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What Makes Japanese Food So Delicious? Explore the Best Japanese Ingredients

Japanese cuisine has long been revered for its unique ingredients, innovative flavors, and distinct sense of culture and history. The best Japanese food tells a story through its creative use of ingredients, shaping the dining experience into something both enjoyable and eye-opening. With the right blend of Japanese ingredients and flavors, a talented chef can produce a dish that’s traditional and authentic or an inspired, fusion-focused take on Asian cuisine – or anywhere in between.

Here are just a few of the best Japanese ingredients that have played defining roles in delicious Japanese cuisine across the globe:

Japanese Rice

Rice may be a staple of Japanese cuisine, but this ingredient is anything but basic. With a distinct flavor and sticky texture, Japanese-style rice is a versatile player in many dishes, including sushi, mochi, and other rice-based dishes.

Miso

Miso is a traditional Japanese cooking stock that is typically made by fermenting soybeans (or rice or other grains). The fermentation process lends a rich dimension of flavor to miso, which is used is many difference Japanese dishes – most famously, miso soup.

Soybeans

Soybeans are commonly incorporated into many different Japanese dishes, but many diners find they enjoy them most when served as edamame. Edamame is a dish in which the young soybean pods are either steamed or boiled, then often dusted with salt for a deliciously savory appetizer. Edamame is popular not just for its simple but wonderful flavor, but also as a relatively healthy appetizer option.

Fish and Seafood

It goes without saying that fish hold an important place in Japanese cuisine. You’d be hard-pressed to find a true Japanese menu without any seafood dishes, especially because the sea has long been a key source of food for the Japanese people. Whether served raw (as in sushi) or cooked, fish is absolutely one of the ingredients at the heart of Japanese cuisine. Other seafood, such as scallops, eel, squid, and clams, also make frequent appearances on many Japanese menus.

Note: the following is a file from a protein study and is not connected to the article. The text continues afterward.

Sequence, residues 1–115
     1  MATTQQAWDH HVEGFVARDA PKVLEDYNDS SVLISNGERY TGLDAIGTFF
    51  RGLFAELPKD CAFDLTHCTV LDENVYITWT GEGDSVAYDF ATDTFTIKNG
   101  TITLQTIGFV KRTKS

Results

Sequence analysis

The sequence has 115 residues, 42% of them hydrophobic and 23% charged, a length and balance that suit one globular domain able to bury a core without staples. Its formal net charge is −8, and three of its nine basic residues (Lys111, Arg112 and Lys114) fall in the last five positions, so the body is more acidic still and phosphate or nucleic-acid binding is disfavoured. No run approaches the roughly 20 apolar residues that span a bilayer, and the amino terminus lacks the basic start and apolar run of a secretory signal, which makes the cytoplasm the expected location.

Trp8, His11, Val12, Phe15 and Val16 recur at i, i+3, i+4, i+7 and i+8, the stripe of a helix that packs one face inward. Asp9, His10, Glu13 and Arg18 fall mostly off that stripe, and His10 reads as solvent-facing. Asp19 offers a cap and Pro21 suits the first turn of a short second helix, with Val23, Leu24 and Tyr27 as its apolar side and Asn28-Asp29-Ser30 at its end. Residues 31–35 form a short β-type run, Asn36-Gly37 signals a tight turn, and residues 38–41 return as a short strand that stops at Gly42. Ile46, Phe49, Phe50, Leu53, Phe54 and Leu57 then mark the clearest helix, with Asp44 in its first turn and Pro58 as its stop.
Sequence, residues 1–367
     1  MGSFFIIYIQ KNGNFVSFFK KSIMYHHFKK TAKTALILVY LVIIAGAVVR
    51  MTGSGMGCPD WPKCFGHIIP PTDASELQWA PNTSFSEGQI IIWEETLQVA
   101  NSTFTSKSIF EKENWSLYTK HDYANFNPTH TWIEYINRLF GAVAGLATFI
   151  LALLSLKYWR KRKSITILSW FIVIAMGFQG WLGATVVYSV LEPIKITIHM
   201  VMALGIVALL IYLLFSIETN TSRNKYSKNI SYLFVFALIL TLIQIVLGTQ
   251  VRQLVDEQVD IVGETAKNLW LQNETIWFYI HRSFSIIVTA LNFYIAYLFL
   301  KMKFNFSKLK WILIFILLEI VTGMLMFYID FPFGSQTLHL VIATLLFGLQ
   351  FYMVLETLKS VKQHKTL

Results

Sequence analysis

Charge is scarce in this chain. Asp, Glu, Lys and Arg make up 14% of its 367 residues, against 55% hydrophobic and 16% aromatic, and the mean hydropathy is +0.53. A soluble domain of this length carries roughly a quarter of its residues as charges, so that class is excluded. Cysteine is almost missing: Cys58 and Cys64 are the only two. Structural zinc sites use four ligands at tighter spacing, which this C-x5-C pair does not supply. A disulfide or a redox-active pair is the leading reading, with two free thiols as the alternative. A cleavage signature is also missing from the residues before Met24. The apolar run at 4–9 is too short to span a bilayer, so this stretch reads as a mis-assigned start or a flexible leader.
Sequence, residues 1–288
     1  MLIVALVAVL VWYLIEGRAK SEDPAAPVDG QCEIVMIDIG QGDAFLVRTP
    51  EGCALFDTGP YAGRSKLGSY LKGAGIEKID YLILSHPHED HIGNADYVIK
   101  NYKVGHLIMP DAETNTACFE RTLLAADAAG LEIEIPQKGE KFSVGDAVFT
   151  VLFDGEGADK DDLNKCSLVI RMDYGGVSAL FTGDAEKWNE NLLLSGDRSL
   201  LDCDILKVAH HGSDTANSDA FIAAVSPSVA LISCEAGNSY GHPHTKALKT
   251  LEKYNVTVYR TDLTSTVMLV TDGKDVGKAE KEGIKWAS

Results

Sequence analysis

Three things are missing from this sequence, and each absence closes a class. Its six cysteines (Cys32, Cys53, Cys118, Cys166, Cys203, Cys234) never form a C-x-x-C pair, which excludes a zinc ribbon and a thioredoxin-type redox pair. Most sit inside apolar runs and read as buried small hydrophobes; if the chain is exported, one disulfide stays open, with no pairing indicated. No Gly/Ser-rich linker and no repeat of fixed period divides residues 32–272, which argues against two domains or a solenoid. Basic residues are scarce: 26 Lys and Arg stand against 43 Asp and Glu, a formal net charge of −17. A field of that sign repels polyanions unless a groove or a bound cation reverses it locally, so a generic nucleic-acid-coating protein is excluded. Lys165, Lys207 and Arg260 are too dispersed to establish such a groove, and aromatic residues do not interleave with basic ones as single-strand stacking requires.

Yuzu

Though Yuzu has a distinctly bitter flavor, small amounts of it are widely used to add flavor to Japanese dishes. For most chefs, the peels or juice of this unique citrus fruit are preferable to its flesh, adding a bright zest of flavor to any dish. Yuzu vinegar is another way to infuse flavor into sauces, marinade, dressings, and more.

Wasabi

Wasabi is a root plant grown in Japan, closely related to mustard and horseradish. Its flavor is often described as spicy and powerful, and you’ve likely seen it served in paste form as an accompaniment to sushi. Wasabi can also be used to add a kick to sauces and is delicious atop a variety of meats and seafood.

Kobe Beef

Kobe beef is among the most revered brands of beef available, coming from the Tajima strain of the Japanese Black Cattle. The cattle are raised according to strict rules and regulations, treated with great care and respect. Kobe beef is considered a delicacy, particularly famous for its rich marbling, tenderness, and flavor.

Your Question About Where to Eat Japanese Dinner Tonight, Answered

Craving the flavors and dishes only the best Japanese cuisine can offer? At Matsuhisa, the menu serves as a creative canvas of sorts for chef Nobu Matsuhisa, offering our guests the unique opportunity to enjoy a modern take on classic Japanese flavors. The Matsuhisa dinner menu features all of the above Japanese ingredients and more, combined inside innovative pairings for a dining experience unlike any other.

Reserve your table or plan a private event at Matsuhisa by contacting the hosting staff, and learn more about our culinary mission on our website.

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